I come up on a man with a wispy mustache, “Have you seen this article series?” I hold up a Buy/Sell from last year where it said to buy Akil Baddoo. The man points his long-fingernailed index finger up the hill to a grass hut.

I knock on the thatched door. “Hey, Buy/Sell column, hey, are you in here!” My scream echoes, and reverbs back to me with not a sound more. No indication it’s here.
Suddenly, the Fantasy Baseball Buy/Sell column rises like the WWE wrestler, The Undertaker, from a cucumber garden and holds a flashlight to its face for great effect, “What do you want?”
“We need you for another year of fantasy baseball Buy/Sell columns.”
“Okay, I was bored just laying here under an inch of dirt.”

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Yabba Dabba Baddoo! Big Bad Baddoo Daddy! He’s a Baddoo Baddoo man! Who? Akil Baddoo, that’s who who. Whatchu gonna doo doo when Akil Baddoo comes for you you? You you have no answer because Baddoo makes the rooroo-ules. Don’t you you see see I’m Greybot3000 and and I am am malfunctioning…please oil my joints. Steam pours out of Greybot’s ears, slowly he falls over and puns mutter out onto the floor. Yikes, I might need a mechanic. So, Tigers have Grossman, the two outcome player leading off, then it just gets progressively worse until the 9th place hitter and Andre 3000’s ex namleganger, Baddoo. If I’m the Tigers, I’m staying the hell away from Joe Exotic, and I am not leaving Baddoo in the nine hole. Let my man sink or swim, and move him up to the three hole. He might be a hot schmotato, but he had a year at the tender age of 19 in Class A, where he hit 11 homers, and stole 24 bags. He’s never struggled with strikeouts, and actually could have a .360-ish OBP. With a 55-grade power tool and 60-grade speed, you might just sneak into a 25/20/.260 guy. Whatever the case, I grabbed him everywhere. Now let’s put on our pinstripe suit, patented leather shoes, and watch Big Bad Baddoo Daddy swing with their hit song, You & Me & Baddoo Makes 3. Anyway, here’s some more players to Buy or Sell this week in fantasy baseball:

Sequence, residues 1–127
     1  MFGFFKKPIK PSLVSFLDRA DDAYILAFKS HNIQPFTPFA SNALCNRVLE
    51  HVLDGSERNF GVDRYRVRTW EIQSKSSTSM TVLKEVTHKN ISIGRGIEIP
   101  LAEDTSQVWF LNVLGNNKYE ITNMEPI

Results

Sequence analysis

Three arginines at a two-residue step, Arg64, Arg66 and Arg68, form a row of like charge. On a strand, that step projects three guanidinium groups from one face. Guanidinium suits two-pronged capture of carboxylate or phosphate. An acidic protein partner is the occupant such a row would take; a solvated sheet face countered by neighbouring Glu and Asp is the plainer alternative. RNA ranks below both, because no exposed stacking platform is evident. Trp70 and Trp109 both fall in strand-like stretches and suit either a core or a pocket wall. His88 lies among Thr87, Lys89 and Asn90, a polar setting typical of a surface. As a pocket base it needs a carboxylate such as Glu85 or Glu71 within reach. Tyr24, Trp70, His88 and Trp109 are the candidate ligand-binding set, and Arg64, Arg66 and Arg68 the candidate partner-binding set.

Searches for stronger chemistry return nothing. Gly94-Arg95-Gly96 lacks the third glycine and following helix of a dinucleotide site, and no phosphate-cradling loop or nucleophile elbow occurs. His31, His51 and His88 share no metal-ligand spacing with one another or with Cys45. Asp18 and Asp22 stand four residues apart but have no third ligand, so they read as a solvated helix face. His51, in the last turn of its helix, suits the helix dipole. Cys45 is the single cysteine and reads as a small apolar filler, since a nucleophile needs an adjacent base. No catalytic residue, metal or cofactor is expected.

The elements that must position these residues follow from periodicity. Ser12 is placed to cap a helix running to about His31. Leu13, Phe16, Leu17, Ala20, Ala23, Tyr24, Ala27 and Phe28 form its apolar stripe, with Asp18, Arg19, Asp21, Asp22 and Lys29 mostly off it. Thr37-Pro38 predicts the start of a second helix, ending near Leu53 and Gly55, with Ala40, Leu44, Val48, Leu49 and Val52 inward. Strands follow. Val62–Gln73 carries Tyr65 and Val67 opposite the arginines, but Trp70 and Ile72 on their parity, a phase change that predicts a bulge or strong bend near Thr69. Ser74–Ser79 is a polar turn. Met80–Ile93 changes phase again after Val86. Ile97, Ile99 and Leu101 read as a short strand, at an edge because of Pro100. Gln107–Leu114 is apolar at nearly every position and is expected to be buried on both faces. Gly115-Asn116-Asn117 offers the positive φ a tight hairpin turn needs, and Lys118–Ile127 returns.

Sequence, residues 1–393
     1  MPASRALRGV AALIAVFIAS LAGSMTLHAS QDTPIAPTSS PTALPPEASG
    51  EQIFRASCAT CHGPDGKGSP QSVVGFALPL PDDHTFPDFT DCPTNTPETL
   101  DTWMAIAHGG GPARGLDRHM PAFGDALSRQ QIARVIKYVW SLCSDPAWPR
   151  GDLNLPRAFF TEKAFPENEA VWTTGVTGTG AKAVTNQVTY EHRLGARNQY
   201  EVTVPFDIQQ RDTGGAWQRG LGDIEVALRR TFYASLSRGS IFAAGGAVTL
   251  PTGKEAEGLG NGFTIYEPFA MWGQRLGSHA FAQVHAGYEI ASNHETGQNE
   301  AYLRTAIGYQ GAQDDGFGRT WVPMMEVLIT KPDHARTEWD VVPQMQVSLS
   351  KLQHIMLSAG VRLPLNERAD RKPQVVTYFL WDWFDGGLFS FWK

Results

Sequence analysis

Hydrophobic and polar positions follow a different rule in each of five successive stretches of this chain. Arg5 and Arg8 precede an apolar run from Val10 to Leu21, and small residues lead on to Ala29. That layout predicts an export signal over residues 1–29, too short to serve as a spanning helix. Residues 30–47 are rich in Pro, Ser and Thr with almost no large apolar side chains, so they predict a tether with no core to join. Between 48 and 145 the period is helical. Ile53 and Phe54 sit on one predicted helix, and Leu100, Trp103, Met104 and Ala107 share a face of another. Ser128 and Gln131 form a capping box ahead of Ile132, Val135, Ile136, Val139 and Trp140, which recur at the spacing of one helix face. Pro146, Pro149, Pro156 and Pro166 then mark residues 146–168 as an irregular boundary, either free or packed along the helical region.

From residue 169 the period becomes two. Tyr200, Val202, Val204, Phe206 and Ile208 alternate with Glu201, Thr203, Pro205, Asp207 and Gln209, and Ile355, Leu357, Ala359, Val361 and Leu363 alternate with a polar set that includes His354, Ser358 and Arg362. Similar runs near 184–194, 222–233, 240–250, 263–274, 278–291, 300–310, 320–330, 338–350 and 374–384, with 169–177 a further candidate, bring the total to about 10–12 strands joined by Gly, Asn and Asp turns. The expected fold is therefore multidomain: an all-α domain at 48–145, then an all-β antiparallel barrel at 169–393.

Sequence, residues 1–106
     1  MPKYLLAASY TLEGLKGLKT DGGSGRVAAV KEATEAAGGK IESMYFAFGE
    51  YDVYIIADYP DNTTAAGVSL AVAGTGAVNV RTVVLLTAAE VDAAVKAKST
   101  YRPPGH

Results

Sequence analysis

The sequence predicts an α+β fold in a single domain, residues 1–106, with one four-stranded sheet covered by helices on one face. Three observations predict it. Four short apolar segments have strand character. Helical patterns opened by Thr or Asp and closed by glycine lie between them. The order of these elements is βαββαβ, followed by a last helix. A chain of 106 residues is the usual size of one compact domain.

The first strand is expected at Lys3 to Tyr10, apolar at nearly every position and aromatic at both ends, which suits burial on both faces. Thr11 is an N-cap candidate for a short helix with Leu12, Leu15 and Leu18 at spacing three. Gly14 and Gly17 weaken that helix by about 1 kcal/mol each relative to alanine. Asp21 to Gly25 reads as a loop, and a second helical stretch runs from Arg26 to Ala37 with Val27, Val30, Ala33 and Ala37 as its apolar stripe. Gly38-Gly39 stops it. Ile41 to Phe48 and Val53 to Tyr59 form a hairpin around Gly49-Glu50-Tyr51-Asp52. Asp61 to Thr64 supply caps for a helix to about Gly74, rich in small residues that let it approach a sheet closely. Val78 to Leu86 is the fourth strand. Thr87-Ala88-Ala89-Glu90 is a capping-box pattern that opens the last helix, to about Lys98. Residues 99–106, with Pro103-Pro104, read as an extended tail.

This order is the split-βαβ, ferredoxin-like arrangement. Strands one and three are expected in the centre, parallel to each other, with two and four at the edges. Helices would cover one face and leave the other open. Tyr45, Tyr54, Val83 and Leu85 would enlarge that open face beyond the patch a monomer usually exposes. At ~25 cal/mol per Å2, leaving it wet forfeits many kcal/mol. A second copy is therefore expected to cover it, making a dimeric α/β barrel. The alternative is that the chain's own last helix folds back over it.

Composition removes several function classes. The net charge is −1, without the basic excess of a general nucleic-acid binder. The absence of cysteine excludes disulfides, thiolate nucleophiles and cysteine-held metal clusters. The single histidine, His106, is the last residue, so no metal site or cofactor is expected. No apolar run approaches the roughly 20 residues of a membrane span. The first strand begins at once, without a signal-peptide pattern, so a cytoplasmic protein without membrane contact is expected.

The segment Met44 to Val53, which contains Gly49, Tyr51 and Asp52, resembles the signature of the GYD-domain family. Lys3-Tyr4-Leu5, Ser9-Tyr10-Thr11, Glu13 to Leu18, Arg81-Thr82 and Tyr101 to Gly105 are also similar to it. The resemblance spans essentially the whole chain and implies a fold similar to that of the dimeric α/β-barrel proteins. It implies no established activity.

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Yermin Mercedes looks like he’ll offer a smooth ride for the lucky few fantasy baseballers (Grey’s mom’s term) who paid up for him on the first faab run. If you haven’t gotten a chance to see him hit yet, I can’t recommend it highly enough. He’s got a high leg kick and a loose bat waggle that settles late and gives off the vibe that he’s going to be behind on every pitch. Instead, he generates good bat speed and pairs that with excellent barrel control to the extent that he’s pulling pretty much everything so far (55%) but has shown an ability to go oppo (just 10% this year) throughout his professional career. 

Whether he can keep up against premium velocity when a pitcher is hitting his spots remains to be seen, but the middle of that White Sox order is as cozy a lineup spot as there is in the game. If he can hold his own there, he’ll drive in a ton of runs. His sprint speed puts him in the 26th percentile, which is actually a little faster than I would’ve guessed, and he looks it on the field. It’s pretty fun to watch him scoot, where he appears to have pretty good baserunning instincts. Makes sense considering he’s been on base half the time for about a decade now. If you missed him in a league with trades, I suggest checking in with the team that got him. We’ve all seen this type of player flash and then fade like a Chris Shelton or one of the Duncans, so you’re taking on a good deal of risk in making legitimate offers, but those guys–and most who flame out–are power over hit who get hot for an early stretch before pitchers figure them out. The Yerminator is an amorphous being, at least in terms of barrel control–the T-1000 of the early-season face melters–and Judgment Day is coming for us all.